Are You a Type C Personality? How to Transition from Cortisol Crazed to Calm & Connected

By guest blogger Michelle Leath

Top 3 Signs That You Have Elevated Cortisol Levels

#1: You seem to have developed a stubborn muffin-top.

#2: You feel constantly in a hurry, rushed, like you are running out of time.

#3: You are looking for the quickest fix to your cortisol problem!

We’ve been hearing a lot about the stress hormone cortisol and its connection to weight gain (especially belly fat), low sex drive, and premature aging.1 And by now you may even be getting a little, um, stressed out about it.

That’s good! (Well, sort of.) It’s good because elevated cortisol levels can lead to a whole array of health problems, so you want to take it seriously. But not so good because stressful thoughts in and of themselves lead to (drum roll please)… more cortisol!

So first let’s take a breath. And now let’s get down to business.

According to Shawn Talbott, Ph.D., “When we encounter something (anything) that causes us to feel stress, our cortisol levels go up. If we experience stressful events [or thoughts] on a regular basis and are unable to effectively rid ourselves of the stressor, our cortisol levels stay constantly elevated above normal levels. In cases of chronic stress, when you ruminate, obsess, and continually mull over the “what if’s” of a stressful situation, you put yourself into the Type C condition of having chronically elevated cortisol levels.”2

Notice the underlines. This is key. While it’s important to address the physical aspects of bringing your cortisol levels into balance (and yes, the cortisol has you wanting that to happen ASAFP), just looking for the perfect pill or supplement as a quick fix ain’t gonna cut the mustard. In order to truly restore balance you must also reduce the stressors in your life, and that’s something that may take a little, wait for it… time.

The dictionary definition of stress is “any real or imagined threat and the body’s response to that threat.” We all find ourselves in periodic high-stress life situations such as the illness or death of a loved one, sudden job loss, etc.; but, generally speaking much of our stress is the “imagined” kind – in other words, it is self-inflicted, or at the very least self-sustained.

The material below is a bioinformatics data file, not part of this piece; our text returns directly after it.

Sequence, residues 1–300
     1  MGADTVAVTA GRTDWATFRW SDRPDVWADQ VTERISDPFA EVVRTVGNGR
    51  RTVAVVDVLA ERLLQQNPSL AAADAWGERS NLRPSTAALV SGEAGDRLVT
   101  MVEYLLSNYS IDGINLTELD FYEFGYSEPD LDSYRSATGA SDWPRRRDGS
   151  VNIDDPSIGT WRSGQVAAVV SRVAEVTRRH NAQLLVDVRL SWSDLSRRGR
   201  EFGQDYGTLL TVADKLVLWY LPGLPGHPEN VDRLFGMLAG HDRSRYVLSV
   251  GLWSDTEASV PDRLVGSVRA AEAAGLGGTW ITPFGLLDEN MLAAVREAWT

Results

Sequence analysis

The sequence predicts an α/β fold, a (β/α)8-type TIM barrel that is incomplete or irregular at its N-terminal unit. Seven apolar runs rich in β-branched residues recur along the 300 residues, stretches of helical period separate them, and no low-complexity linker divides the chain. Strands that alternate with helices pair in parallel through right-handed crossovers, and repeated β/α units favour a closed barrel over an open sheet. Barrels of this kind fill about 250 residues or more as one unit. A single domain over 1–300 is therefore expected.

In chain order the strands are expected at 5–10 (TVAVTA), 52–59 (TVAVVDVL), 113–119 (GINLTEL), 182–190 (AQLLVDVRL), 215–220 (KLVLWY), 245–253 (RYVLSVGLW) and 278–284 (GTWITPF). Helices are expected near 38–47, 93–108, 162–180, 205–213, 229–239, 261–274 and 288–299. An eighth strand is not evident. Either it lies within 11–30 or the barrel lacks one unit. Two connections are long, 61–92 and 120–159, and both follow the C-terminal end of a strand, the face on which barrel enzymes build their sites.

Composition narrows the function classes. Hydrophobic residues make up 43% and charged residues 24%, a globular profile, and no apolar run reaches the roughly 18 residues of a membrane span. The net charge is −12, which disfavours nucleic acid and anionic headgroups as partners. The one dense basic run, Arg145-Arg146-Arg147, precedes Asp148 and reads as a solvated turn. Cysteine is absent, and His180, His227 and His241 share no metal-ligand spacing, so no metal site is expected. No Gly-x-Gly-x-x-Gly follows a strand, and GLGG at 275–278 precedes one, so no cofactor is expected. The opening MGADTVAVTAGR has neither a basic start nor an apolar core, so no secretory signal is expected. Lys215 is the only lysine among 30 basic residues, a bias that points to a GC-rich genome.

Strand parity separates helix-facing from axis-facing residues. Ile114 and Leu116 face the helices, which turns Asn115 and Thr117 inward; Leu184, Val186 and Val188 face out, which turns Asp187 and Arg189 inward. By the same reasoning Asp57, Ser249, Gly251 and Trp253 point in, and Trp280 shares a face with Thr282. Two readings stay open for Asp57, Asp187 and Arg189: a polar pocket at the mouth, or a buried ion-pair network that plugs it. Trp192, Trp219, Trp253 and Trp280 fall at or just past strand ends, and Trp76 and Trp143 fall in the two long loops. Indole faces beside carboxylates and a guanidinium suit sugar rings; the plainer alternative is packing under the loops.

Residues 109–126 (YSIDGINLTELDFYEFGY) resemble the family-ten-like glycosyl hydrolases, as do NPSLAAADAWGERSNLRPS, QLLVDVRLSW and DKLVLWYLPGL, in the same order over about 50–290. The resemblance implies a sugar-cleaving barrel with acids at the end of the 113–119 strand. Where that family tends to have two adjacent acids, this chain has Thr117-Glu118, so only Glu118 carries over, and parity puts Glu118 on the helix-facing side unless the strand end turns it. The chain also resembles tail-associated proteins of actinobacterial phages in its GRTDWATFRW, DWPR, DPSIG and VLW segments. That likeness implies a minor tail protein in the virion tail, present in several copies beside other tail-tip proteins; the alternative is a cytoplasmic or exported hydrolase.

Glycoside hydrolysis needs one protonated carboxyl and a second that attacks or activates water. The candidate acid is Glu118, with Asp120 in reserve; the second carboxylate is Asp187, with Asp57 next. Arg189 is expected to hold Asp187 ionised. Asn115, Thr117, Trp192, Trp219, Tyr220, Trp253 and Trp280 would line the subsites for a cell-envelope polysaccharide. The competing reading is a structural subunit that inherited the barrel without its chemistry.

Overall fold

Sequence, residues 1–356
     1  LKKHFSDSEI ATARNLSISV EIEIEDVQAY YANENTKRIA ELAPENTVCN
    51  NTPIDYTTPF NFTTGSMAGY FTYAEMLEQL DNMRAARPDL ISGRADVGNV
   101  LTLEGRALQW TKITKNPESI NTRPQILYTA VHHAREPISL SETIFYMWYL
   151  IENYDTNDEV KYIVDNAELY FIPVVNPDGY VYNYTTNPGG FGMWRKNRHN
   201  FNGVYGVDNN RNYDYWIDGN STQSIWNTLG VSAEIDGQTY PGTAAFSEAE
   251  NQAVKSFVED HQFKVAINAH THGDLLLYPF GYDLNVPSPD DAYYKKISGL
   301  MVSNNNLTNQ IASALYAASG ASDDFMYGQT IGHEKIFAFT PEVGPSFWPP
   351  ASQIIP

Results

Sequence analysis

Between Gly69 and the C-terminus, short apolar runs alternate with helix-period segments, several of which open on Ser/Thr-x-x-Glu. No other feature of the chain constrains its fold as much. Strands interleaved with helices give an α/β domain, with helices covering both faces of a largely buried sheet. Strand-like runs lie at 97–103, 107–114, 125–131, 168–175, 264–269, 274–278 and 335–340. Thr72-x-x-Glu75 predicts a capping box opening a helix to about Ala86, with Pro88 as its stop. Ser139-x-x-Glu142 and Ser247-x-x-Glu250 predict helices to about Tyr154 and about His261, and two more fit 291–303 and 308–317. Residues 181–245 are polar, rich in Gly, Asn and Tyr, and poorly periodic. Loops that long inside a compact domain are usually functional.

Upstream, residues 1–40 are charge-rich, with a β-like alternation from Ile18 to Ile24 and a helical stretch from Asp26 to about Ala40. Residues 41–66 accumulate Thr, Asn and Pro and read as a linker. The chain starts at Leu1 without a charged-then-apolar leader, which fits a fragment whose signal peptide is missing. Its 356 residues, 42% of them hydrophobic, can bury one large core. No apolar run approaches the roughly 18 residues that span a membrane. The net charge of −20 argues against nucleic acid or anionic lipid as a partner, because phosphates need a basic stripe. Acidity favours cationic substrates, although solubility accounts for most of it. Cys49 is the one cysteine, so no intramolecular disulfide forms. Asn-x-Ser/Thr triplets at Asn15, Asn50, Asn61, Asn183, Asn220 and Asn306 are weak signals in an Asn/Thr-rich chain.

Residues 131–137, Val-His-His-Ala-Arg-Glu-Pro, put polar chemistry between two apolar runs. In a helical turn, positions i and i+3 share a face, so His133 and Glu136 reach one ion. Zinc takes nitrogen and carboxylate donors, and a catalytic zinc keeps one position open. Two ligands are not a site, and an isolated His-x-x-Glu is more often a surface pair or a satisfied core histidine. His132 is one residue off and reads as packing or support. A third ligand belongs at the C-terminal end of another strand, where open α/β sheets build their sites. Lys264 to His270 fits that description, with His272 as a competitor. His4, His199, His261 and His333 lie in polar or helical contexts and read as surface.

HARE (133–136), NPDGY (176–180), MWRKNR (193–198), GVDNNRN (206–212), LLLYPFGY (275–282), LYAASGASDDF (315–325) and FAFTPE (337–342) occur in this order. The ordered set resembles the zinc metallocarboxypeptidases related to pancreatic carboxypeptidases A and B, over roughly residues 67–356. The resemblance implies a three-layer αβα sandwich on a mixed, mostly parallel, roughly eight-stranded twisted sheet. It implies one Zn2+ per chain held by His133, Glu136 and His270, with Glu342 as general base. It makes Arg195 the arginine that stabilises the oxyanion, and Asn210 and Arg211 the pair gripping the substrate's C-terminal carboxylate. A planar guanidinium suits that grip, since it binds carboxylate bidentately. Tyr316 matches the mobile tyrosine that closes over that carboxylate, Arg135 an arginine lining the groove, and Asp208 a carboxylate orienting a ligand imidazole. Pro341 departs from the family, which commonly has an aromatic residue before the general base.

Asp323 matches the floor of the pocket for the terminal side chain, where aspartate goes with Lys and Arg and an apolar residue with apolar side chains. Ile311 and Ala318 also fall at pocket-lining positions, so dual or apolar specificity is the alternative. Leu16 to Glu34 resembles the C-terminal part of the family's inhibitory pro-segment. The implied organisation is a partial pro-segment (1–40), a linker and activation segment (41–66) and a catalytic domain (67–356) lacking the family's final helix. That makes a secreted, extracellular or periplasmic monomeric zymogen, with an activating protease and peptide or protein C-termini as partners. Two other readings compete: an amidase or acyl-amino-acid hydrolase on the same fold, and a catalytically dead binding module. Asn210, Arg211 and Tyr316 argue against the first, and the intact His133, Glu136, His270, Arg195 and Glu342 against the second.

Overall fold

So what might those stressors be? Well, if you are like me (and most of my girlfriends), see if any of these ring true:

  • Digital multitasking (iPhone/Blackberry addiction, texting at the soccer game, at the grocery store, at work, during sex!)
  • Trying to be the perfect mom, wife, employee, etc. (an unattainable goal!)
  • Trying to achieve the perfect body, eat the perfect diet, reach the perfect weight (no such thing!)
  • Eating on the run, in your car, at your desk, standing up
  • Overcommitting, people-pleasing, being afraid to say no or ask for help
  • Relationship stress – not speaking your truth, harboring resentment
  • Work stress – staying in a job you hate because it’s “safe,” or not setting appropriate work/life boundaries

The usual, right? The thing is, because so many of us experience this, we start to believe it is “normal”. It’s a way of being part of the club to share our stories about how stressed/rushed/busy we are, and so we subconsciously resist making changes. But let me remind you of the negative effects of being in this club (see paragraph 2 above). It’s time for a new club!

So what can you do when you ARE ready to let go of being Type C?

Look at the whole picture – physical/mental/emotional. Have your cortisol level professionally evaluated and look for ways to adjust it through the appropriate dietary modifications, supplements and exercise.

Then take an honest look at your life. Where are the stressors? How can you begin to reduce them? How can you more authentically express yourself? Can you carve out 5 minutes a day to relax and connect with yourself? Can you sit down and enjoy at least one meal a day without distraction? Can you commit to some technology-free time each week?

Start with small steps. Find a supportive friend or professional to help you stay focused on your vision and be your accountability partner. And never forget, you deserve to have a life of balance, freedom and fulfillment!

1. Talbott, Shawn, The Cortisol Connection, Alameda, CA, Hunter House Publishers, 2007,


Michelle Leath is a Co-Active Life Coach and Certified Food Psychology Coach, and the founder of She helps women find freedom from unwanted food habits so they can create a life and body they love, without dieting or depriving themselves. 

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